Bīrūnī, Muḥammad ibn Aḥmad, Alberuni's India (v. 1)

(London :  Kegan Paul, Trench, Trübner & Co.,  1910.)



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CHAPTER  VII.                             73

to the highest angels, to the forces of cupidity and
wrath ; and, lastly, that he must turn away from the
actions of the world. He cannot, however, give up these
actions unless he does away with their causes, which
are his lust and ambition. Thereby the second of the
three pirimary forces is cut away. However, the abstain¬
ing/rowi ccctio7i takes place in two different ways :—

1,   By laziness, procrastination, and ignorance accord¬
ing to the third force. This mode is not desirable, for
it will lead to a blamable end.

2.   By judicious selection and by preferring that which
is better to that which is good, which way leads to a
laudable end.

The abstaining from actions is rendered perfect in this
way, that a man quits anything that might occupy him
and shuts himself up against it. Thereby he will be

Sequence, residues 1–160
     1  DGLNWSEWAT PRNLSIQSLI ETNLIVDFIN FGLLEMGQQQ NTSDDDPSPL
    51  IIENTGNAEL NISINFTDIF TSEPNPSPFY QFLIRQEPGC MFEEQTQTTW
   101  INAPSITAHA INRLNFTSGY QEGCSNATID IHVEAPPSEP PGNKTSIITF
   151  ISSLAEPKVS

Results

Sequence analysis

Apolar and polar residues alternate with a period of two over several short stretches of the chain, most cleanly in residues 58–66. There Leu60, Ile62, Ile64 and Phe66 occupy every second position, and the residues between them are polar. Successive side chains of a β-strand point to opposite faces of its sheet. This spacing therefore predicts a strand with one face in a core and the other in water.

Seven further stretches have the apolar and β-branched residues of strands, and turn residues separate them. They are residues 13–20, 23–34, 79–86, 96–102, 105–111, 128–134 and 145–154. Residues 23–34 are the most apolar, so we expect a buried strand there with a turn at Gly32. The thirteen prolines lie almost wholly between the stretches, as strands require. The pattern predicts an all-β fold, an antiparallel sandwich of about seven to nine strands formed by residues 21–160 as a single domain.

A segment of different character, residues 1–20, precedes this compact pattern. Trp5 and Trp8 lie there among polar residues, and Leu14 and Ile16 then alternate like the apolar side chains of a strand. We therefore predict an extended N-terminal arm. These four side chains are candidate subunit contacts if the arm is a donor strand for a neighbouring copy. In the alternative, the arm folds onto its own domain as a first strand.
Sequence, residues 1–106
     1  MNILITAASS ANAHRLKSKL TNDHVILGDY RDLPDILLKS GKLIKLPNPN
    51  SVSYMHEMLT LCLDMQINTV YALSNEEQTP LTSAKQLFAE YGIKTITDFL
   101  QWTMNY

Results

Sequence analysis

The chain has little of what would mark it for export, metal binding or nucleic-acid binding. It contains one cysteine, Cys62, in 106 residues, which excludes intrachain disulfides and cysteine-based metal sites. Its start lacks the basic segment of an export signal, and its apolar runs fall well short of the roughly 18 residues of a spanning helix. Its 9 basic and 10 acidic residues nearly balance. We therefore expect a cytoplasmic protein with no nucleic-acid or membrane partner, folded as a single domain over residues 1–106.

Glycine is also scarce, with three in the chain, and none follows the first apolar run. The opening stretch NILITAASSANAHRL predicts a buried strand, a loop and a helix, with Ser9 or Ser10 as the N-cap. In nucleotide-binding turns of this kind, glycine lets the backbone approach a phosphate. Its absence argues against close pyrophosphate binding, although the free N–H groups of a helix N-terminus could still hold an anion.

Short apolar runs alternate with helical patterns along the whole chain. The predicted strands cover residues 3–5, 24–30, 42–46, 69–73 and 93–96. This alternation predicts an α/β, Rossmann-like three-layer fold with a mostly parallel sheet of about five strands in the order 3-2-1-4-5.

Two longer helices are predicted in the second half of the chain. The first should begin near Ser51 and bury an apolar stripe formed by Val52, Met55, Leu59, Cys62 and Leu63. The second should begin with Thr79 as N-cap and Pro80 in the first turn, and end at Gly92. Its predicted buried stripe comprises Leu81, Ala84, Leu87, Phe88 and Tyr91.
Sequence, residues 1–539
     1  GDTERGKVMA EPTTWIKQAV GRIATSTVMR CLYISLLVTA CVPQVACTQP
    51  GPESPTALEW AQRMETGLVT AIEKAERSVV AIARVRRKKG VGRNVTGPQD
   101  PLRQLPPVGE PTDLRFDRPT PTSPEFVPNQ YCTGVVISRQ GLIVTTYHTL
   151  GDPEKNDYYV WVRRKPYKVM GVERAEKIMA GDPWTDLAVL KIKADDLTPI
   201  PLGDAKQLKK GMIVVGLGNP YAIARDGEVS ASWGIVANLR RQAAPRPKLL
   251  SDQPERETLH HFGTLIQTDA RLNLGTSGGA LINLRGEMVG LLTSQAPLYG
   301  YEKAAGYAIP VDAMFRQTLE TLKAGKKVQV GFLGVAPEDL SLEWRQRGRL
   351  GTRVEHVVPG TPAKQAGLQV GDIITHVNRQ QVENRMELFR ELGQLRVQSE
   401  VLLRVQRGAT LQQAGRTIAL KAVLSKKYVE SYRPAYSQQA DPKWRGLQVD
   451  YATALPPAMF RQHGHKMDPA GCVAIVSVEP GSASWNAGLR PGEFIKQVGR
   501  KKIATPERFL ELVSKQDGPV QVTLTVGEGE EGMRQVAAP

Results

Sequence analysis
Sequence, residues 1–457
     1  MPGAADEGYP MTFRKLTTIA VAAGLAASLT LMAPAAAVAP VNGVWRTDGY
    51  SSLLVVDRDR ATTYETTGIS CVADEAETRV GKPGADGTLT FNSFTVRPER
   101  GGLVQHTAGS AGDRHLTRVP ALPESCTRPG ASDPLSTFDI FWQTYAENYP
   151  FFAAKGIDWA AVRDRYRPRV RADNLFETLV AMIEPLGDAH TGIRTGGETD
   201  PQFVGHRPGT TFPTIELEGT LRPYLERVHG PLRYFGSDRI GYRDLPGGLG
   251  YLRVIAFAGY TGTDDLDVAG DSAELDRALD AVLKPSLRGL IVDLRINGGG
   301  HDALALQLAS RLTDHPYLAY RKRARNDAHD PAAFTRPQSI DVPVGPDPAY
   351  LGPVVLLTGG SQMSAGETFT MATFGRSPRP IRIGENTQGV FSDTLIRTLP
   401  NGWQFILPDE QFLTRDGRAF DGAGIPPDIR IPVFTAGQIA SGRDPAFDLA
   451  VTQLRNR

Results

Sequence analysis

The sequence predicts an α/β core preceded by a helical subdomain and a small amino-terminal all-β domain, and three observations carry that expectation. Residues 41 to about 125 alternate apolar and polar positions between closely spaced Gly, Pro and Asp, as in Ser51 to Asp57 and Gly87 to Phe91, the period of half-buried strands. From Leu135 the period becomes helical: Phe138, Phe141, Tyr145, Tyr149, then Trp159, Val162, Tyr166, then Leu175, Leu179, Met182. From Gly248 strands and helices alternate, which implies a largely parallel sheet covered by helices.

enabled to restrain his senses from extraneous objects
to such a degree that he does not any more know that
there exists anything besides himself, and be enabled
to stop all motions, and even the breathing. It is
evident that a greedy man strains to effect his object,
the man who strains becomes tired, and the tired man
pants; so the panting is the result of greediness. If
this greediness is removed, the breathing becomes like
the breathing of a being living at the bottom of the sea,
that does not want breath; and then the heart quietly
rests on one thing, viz. the search for liberation and
for arriving at the absolute unity.

In the book Gitd we read: " How is a man to ob- Further


tain liberation who disperses his heart and does not from GUd.
concentrate it alone upon God, who does not exclu¬
sively direct his action towards him ? But if a man
turns away his cogitation from all other things and
concentrates it upon the One, the light of his heart will
be steady like the light of a lamp filled with clean oil,
standing in a corner where no wind makes it flicker,
and he will be occupied in such  a degree as not to
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